We're excited to host Radley Balko tomorrow to talk about his new book, "Rise of the Warrior Cop: The Militarization of America's Police Forces." It's an important book, one that deserves the widest possible audience, because this is a growing problem we've covered for years. We hope you'll join us tomorrow at 2pm EST to discuss his findings:
In 2007, journalist Radley Balko told a House subcommittee that one criminologist detected a 1,500% increase in the use of SWAT teams over the last two decades. That's reflective of a larger trend, fueled by the wars on drugs and terror, of police forces becoming heavily militarized.
Rise of the Warrior Cop: The Militarization of America's Police Forces Author: Radley Balko
Balko, an investigative reporter for the Huffington Post and author of the definitive report on paramilitary policing in the United States, has a forthcoming book on the topic, Rise of the Warrior Cop: The Militarization of America's Police Forces. He was kind enough to answer some questions about how our police turned into soldiers --as well as the challenges of large-scale reform.
Motherboard: When did the shift towards militarized police forces begin in America? Is it as simple as saying it began with the War on Drugs or can we detect gradual signs of change when we look back at previous policies?
There's certainly a lot of overlap between the war on drugs and police militarization. But if we go back to the late 1960s and early 1970s, there were two trends developing simultaneously. The first was the development and spread of SWAT teams. Darryl Gates started the first SWAT team in L.A. in 1969. By 1975, there were 500 of them across the country. They were largely a reaction to riots, violent protest groups like the Black Panthers and Symbionese Liberation Army, and a couple mass shooting incidents, like the Texas clock tower massacre in 1966.
At the same time, Nixon was declaring an "all-out war on drugs." He was pushing policies like the no-knock raid, dehumanizing drug users and dealers, and sending federal agents to storm private homes on raids that were really more about headlines and photo-ops than diminishing the supply of illicit drugs.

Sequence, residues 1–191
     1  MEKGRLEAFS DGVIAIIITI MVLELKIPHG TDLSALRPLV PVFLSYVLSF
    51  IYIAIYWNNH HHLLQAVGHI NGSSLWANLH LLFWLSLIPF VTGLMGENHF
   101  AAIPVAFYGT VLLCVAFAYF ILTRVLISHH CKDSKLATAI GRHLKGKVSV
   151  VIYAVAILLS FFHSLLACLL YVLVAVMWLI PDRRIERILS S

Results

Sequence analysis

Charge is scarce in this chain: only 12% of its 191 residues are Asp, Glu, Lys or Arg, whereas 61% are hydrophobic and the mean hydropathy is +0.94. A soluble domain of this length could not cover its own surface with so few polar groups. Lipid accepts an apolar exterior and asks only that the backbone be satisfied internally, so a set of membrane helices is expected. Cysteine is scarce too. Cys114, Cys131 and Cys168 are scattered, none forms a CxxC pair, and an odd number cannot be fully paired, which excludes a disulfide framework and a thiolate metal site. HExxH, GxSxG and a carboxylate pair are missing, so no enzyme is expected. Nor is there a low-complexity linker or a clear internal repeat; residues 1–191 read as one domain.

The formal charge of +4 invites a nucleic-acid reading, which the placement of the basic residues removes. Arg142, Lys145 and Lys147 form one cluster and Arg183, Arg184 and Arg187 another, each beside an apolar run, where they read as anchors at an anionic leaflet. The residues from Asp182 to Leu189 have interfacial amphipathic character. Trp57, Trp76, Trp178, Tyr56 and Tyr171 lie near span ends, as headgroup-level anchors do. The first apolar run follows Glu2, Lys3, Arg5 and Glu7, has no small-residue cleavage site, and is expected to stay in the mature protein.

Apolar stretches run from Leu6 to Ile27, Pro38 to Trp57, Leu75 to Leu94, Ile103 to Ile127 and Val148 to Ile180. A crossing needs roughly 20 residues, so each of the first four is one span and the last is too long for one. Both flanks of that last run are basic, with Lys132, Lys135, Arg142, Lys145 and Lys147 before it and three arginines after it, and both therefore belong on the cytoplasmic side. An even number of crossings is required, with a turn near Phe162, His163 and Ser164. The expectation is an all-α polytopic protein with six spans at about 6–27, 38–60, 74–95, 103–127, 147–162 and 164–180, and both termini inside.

But for the first decade or so after Gates invented them, SWAT teams were largely only used in emergency situations. There usually needed to be an immediate, deadly threat to send the SWAT guys. It wasn't until the early 1980s under Reagan that the two trends converged, and we started to see SWAT teams used on an almost daily basis -- mostly to serve drug warrants.
During the police clashes with Occupy protestors, there seemed to be a focus on isolated incidents of violence, as opposed to an overall examination of how this kind of policing exacerbates situations. What conclusions did your research lead you to on this topic?
I actually think that the Occupy protests gave the broader militarization issue more attention than it's had in a very long time. For 25 years, the primary "beneficiaries" of police militarization have been poor people in high-crime areas -- people who generally haven't had the power or platform to speak up. The Occupy protesters were largely affluent, white, and deft at using cell phones and social media to document and publicize incidents of excessive force.
We're also seeing interest in this issue from new quarters as SWAT teams have fallen victim to mission creep in recent years and begun raiding poker games, bars, and even people suspected of white collar crimes. So far, the only state that has passed any meaningful reform legislation in reaction to a SWAT raid gone wrong is Maryland, which passed a transparency bill after the mistaken raid on Berwyn Heights Mayor Cheye Calvo.
I suppose that may be the "it needs to get worse before it will get better" good news, here. As governments at all levels continue to expand the list of crimes for which they're willing to send the SWAT team, we'll inevitably see these tactics used against more people with more clout and stature to push for reform. It's an unfortunate bit of realpolitik, but it's undoubtedly true.
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